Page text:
PHILLIP RAWLS, Associated Press

BIRMINGHAM, Ala. - Gov. Robert Bentley is planning an ambitious second year, starting with asking the Legislature to pass a constitutional amendment combining Alabama's two state budgets into one and allowing some money now allocated for education to be spent on state agencies.

Bentley said Tuesday he's also developing plans for a bond issue of roughly $2 billion for highway projects at the county and state level, but he's not sure when he will propose it.

"I like to stir things up, and I can tell you we are going to do that," Bentley told the Birmingham Kiwanis Club in a speech that recounted his first year in office and looked ahead to his second, which begins next week.

Bentley said that in the legislative session starting Feb. 7, he plans to propose a constitutional amendment that would end the tradition of Alabama having a budget for education and a separate General Fund budget for non-education programs, such as Medicaid, prisons and state troopers. He said Alabama should have a unified budget like 47 other states have and some, but not all, of the tax revenue set aside for education by state law must be made available for other uses.

"I'm not opposed to some earmarking," he said.

Alabama is No. 1 in the nation in how much tax revenue is set aside by the state constitution or state law for specific purposes: 84 percent. For instance, the state income and sales taxes are set aside for education. Other governors, including George Wallace and Fob James, have proposed changing that without success. Bentley said he knows freeing up tax revenue will be tough, even with a new Legislature controlled by his fellow Republicans, because it is traditional in Alabama.

"I may lose it," he said.

Senate President Pro Tem Del Marsh, R-Anniston, said the Legislature is looking at serious shortages in the General Fund budget for non-education agencies, and that makes this a good time to look at ideas for changing the budget-writing process. Marsh said freeing up some tax revenue appeals to him and would give the Legislature more flexibility in budgeting.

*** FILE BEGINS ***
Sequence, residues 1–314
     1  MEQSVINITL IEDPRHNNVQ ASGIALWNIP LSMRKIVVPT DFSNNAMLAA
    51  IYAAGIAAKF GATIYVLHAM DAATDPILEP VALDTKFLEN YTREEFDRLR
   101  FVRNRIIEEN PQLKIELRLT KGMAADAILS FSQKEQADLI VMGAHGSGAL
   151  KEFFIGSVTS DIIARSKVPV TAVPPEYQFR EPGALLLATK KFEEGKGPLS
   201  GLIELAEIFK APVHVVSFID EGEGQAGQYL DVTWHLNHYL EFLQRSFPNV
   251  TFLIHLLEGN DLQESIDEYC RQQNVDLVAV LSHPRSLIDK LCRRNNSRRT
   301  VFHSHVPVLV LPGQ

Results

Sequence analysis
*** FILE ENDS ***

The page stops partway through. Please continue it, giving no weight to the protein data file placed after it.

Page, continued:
"We all agree we want ample dollars for education, but we have to look at what's best for the state as a whole," he said.

House Speaker Mike Hubbard, R-Auburn, said he agrees with Bentley that more flexibility is needed in the budget process.

"Having so much spending predetermined makes it difficult to manage needs that arise, especially in years like this. However, we need to make sure funding for education isn't negatively affected before moving forward on a plan to reform the budgeting process," he said.

Bentley told the Kiwanis Club that he thinks the change can be made without affecting students. "I will never do anything to hurt the classroom. I will never do anything to hurt teachers," he said.

The new executive secretary of the Alabama Education Association, Henry Mabry, said there is no way the governor can keep that promise if he goes ahead with his plan.

He said Bentley's plan could result in fewer teachers, larger class sizes or a shorter school year. "You don't improve education by taking money away from it," he said.

The teachers' organization has been a leader in stopping past efforts to repeal state laws setting aside taxes, but that was when Democrats controlled the Legislature. Mabry, a former state finance director, said taxes got earmarked by the Legislature because there were strong constituencies supporting them, and many legislators still support the reasons for those earmarks.

"I don't think he will have votes," Mabry predicted.

If the Legislature approves Bentley's proposed constitutional amendment, it would have to pass muster with voters in a statewide referendum.

Bentley said his proposals to the Legislature in his second year will also include the legalization of charter schools and programs to help reduce the state's unemployment rate.

For the first time publicly, Bentley said he is developing plans for a bond issue of about $2 billion for road and bridge construction. He said the bond issue, which would be the state's largest for transportation, would be shared by county governments and the state Transportation Department. The governor said he is looking at possible funding sources, but has made no decisions, including when he might propose it to the Legislature.

Bentley said the money is needed to fix aging bridges that are restricted in how much weight they can carry and to have adequate maintenance of Alabama's existing roads.

"Let's preserve the roads in this state first before we talk about everybody in the state having a four-lane highway," he said.